Whatever the trends in commissioning and production, there is of course now statutory protection in the Communications Act for network production outside the M25. Together with other broadcasters, we are still struggling with Ofcom at the moment on the criteria these productions will have to meet to count for the new quota. It is already clear that this could involve broadcasters — and programme suppliers — in many metres of red tape.
What isn't clear yet is whether this will work to support real creative hubs in the regions, or just more jobs for regulators. No quota can conjure up sustainable programme-making jobs without a reliable commissioning stream and a critical mass of talent. We left behind the old system of ITV production guarantees when we moved to commissioning meritocracy. There's no turning back. Production quotas attached to regions are not the answer, though I think the idea of basing a BBC channel or two outside London might work wonders in achieving that critical talent mass from which everything else flows.
So, whilst I think David Puttnam was far too pessimistic in his analysis of the future for regionalism, there are changes ahead. Life can't continue as it did 20, 10 or even 5 years ago. I see this as a challenging positive. We have to meet the needs of a very competitive market and a very discriminating viewer base if ITV is to reinvent itself for the digital future.
Finally, there is an important change at Tyne Tees I must acknowledge.
Margaret Fay (who is sitting here tonight) has been an essential part of the company for more than 22 years, and since 1997 she has been the public face of ITV in the North East as Tyne Tees Managing Director. She must thrive on takeovers because she has survived two in her time, and she has won hearts and minds with her open and direct style. Her contribution to Tyne Tees and the North East has been exceptional and we'll miss her in the company very much. But the solid working relationship she forged with the local business community whilst she was here prepare her admirably for her new role as Chair of One NorthEast, and I'm sure we'll keep strong and mutually supportive links with her there. Thank you Margaret for your distinguished work for the company and for the region, and we look forward to working with you at One NorthEast.
As you are probably well aware, Graeme Thompson will succeed Margaret in the New Year and will, I know, bring a breadth of experience of television and the region, I think Graeme will be a fantastic individual to take over the new company.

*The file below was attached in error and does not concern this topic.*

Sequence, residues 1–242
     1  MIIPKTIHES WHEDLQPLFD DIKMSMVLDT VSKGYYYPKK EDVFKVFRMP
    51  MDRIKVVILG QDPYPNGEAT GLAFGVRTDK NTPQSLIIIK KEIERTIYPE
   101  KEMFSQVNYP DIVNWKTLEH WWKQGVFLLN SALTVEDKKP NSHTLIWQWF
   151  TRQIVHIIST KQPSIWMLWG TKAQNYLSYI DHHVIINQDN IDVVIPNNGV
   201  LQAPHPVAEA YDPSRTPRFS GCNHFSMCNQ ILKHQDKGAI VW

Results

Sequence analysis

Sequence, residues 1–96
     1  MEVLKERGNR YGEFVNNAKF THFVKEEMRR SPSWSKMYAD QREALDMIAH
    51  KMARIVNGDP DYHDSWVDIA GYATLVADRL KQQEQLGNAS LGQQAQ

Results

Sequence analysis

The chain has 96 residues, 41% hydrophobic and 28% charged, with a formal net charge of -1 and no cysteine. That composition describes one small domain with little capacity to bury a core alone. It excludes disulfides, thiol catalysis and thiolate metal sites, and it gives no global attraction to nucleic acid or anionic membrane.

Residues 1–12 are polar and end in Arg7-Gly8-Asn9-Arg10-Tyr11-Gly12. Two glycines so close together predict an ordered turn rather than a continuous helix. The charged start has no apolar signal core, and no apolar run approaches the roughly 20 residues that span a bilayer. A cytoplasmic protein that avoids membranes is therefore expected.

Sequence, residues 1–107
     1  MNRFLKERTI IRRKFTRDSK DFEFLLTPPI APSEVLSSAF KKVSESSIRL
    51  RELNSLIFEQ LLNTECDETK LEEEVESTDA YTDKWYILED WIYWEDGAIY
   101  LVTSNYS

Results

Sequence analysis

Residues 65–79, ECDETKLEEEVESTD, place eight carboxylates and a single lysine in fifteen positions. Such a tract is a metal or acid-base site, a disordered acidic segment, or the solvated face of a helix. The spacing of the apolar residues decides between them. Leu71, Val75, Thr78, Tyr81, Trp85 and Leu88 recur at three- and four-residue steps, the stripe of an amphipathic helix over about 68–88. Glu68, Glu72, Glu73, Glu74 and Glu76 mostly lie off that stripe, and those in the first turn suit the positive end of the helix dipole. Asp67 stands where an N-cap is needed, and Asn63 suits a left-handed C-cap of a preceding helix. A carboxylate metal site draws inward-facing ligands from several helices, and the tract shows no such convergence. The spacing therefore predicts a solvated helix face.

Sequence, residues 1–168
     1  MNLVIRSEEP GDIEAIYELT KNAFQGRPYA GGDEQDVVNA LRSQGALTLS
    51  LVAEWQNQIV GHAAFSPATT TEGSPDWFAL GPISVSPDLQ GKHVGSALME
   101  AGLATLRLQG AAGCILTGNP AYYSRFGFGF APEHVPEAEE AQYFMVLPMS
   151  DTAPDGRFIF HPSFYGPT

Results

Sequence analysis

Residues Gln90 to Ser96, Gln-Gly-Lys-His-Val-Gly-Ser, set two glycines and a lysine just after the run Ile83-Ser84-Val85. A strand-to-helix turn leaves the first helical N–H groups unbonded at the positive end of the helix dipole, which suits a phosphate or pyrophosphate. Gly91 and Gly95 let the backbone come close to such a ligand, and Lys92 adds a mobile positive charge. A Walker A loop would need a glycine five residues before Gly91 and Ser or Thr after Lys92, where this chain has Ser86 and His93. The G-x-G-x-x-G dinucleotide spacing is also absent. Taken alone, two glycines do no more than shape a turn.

More importantly, thank you for inviting me here tonight. I look forward to seeing the scenes of mass rejoicing in due course when Mr Wilkinson (like Mr Edwards) gets his Freedom of the City. I'm sure that's going to come soon.
Thank you for your time this evening.
Questions and Answers
[Tony Edwards] Well, I think it was at least provocative and contentious, and Mick has kindly agreed to answer and respond to any questions relevant to the issues. Are there any questions from the floor please?
[?] Does ITV's commitment to the region extent to maintaining the respected and trusted brand of Tyne Tees or will that brand be further swallowed up by the more corporate ITV1, ITV2 etc?
I think it's like two heads of the coin really, or two sides of the coin. I think what we've seen (and we did a lot of research over the last two or three years) is that certainly viewers under 35 look at programmes, less so the channels. I think the struggle at the moment whether you're the BBC, ITV or Channel 4 is trying to get channel loyalty. We have (as you're well aware on screen) gone through a complete rebranding exercise on screen where all our national propositions now have a real sort-of sense of family. You know we're using our stars with idents to try and get a flavour of what ITV is — we have a depth of talent, but it's also still critical that in the region certainly when we come to regional programming you know that they are tagged with the Tyne Tees brand and I think we can see both these things working in tandem, but the hero brand if I'm being candid really has become ITV from a national perspective. I look at my kids when they view television, there's not a great deal of channel loyalty there, they're on the EPG as quickly as they can and they know exactly where the programmes are, but in Tyne Tees, in Granada, in Yorkshire we have strong brands and certainly when we're outwardly facing to the consumer and the viewer in those regions they're still very important brands.